I have started a category:reference page

such as to be able to point to it for reference, e.g. from Kontsevich 15 etc.

]]>felt like archiving a quote by Paul Taylor somewhere, it is now at *folklore*.

Besides being funny, it is actually a useful comment for the newbie, and so I linked to it from *category theory*.

felt the desire to have an entry on the general idea (if any) of *synthetic mathematics*, cross-linking with the relevant examples-entries.

This has much room for being further expanded, of course.

]]>I am a university student studying mathematics and computer science and I have been building my own wiki using mediawiki as the software. Recently I stumbled across nLab, it looks beautiful and the thing that I like the best was that I could embed tikz directly into it without hassle, and I'd like to switch to it.

If someone could help direct me how to install it on my own server it would be greatly appreciated!

I also wonder if anyone knows if it's easy to work with pseudocode in nLab as I would be using it alot.

Best,

C ]]>

stub for *Hilbert’s sixth problem*

I was contacted by somebody involved in *The QED Project*. I have given that an $n$Lab page now, linked to from *proof assistant*, cross-linked with *ForMath*. (Maybe we should have a page *formal mathematics* or the like?)

Thank you so much for responding or pointing me in the right direction if this forum isn't the place to find this help! ]]>

I assume nobody still around here still cares much about Rafael Borowiecki’s entry *Timeline of category theory and related mathematics*?

I know this entry mostly from when I create new entries: every now and then I think I am creating an entirely un-linked-to new entry, only to see then that the “timeline” is already pointing to it.

For procrastination purposes I just looked at the entry itfelf for the first time in years. While I still have the opinion that I once voiced there, that more important than making it entirely complete is to remove some (few) weird items, I have to admit it has something to it. Would be a fun thing to look at… if there were fewer broken links in grey.

But I notice one thing: for a whole bunch of those grey links we actually do have entries. Only the “timeline” does not follow our entry-naming conventions. For instance it asks for a bunch of capitalized keywords which we do have in lower case. It also asks for “Peter Johnstone (mathematician)”, which we don’t have, while of course we do have “Peter Johnstone”, and so on.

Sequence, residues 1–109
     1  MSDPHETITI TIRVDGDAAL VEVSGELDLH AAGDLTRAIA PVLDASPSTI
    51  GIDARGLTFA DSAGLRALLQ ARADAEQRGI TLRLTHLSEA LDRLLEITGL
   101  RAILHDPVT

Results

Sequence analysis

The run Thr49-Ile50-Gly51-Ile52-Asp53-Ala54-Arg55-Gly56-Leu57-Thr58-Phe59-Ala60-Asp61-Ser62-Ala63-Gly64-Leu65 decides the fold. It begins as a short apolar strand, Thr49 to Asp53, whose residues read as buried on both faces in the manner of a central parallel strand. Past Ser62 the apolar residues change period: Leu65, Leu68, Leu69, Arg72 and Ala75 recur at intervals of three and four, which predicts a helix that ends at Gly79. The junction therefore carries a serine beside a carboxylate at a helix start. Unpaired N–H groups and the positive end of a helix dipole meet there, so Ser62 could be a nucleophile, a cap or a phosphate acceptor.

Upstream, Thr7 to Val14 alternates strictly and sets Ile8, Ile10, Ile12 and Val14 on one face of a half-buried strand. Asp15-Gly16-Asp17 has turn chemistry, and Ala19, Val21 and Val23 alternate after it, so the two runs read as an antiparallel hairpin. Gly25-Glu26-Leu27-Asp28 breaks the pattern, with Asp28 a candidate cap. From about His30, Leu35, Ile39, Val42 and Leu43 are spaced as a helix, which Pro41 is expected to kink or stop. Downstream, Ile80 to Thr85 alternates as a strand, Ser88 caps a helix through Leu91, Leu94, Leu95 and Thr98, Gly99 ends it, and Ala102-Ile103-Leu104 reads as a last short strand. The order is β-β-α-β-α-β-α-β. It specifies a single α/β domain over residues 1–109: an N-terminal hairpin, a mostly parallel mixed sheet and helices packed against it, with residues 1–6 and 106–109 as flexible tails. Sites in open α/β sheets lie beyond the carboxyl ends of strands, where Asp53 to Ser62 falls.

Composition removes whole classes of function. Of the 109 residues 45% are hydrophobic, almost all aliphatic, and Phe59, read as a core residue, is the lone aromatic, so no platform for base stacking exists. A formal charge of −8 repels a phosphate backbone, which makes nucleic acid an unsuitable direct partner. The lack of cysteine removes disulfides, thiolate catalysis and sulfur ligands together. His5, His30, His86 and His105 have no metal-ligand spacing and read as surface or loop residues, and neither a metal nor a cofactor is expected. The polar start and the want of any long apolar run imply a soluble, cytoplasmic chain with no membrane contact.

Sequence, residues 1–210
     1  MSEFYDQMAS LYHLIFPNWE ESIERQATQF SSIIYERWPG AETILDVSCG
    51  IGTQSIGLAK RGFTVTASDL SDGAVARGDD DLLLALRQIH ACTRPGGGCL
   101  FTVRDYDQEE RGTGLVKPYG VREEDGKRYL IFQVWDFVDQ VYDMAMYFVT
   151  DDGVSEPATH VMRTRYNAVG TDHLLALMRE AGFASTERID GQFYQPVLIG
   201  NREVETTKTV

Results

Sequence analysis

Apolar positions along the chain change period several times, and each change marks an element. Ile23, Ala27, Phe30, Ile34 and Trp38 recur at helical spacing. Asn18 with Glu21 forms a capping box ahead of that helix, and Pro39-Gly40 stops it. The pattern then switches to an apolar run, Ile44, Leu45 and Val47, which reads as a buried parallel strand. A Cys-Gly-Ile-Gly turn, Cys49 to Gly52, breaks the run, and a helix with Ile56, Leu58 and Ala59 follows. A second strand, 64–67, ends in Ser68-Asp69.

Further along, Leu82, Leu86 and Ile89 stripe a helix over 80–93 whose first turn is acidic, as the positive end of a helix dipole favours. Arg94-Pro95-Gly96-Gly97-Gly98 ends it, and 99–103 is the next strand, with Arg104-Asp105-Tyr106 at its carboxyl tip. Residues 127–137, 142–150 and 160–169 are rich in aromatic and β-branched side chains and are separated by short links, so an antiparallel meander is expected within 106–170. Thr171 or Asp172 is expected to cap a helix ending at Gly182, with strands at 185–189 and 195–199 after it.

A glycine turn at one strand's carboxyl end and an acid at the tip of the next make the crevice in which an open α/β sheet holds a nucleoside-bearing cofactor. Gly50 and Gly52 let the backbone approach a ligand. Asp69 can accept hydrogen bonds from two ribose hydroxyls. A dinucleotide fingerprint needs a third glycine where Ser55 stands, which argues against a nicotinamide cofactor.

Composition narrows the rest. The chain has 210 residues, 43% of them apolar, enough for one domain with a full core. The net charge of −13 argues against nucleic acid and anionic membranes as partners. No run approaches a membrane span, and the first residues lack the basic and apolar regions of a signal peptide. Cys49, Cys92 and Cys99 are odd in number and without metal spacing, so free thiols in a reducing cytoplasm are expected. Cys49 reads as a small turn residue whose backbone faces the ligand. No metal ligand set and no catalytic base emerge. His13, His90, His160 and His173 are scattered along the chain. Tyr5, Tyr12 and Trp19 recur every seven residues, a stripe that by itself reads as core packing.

Just in case anyone feels inspired to work on fixing some of these links…

]]>I'm a programmer by trade and have recently acquired the urge to build a solid formal foundation for structuring the data I collect, which includes news articles, books, scientific papers, research datasets and much more. To get closer to this goal I am going to develop a semantic database with the purpose of representing any and all human knowledge formally. (Good starter project, no?)

I've come to the conclusion that if I am to structure the very wide range of knowledge I want to represent, I will not only have to use mature NLP techniques (for acquiring the set of all possible interpretations) in combination with either human aid or statistical/ML techniques for disambiguation, I will then have to find a mathematical foundation that is able to represent all of mathematics, because I anticipate needing a lot of mathematics to get at all close to being able to represent all human knowledge formally and also because I think having most if not all the mechanics behind the system be represented inside the system will be the only way to make it flexible enough to get close to representing all human knowledge including all knowledge from all sciences.

Once I have a working system I will then extend it to have isolation as a data management and security feature, add more ways of interfacing with the database (e.g. via streams) and then implement federation through implementing models of trust and related algorithms in the system and connecting that to a distributed data index such as the output of a BitTorrent DHT crawler. The end result I envision is a crossing between a knowledge base, a computation engine and a wiki, which can be used as any and all of those.

Some elements I think I will need to be able to represent at the very least are:

- numbers, bytes, words, mathematical formulas, theorems, tables, images, files...

- relations between any possible object in the database (e.g. between sets, functions and relations between higher level relations)

It would be ideal I could start with a relatively simple model on which to build the more complex model that is capable of encompassing much more if not all of mathematics.

Some of the possible applications of this semantic database would be:

- (initially heavily human-aided) conversion of novel mathematical objects to a formal representation that is also executable (e.g. import new pages on nLab and hand-annotate them -> directly use the new concepts in computations)

- analysis of news on a wide range of aspects (e.g. representations of different groups, logical consistency, consistency with source material, consistency and conflicts with related articles, consistency with related scientific literature)

- automatic inference (e.g. new weather data comes in, combine with existing corpus on weather and seismic data -> new model of predicted weather, combine with models on how weather affects human beings -> storm warning)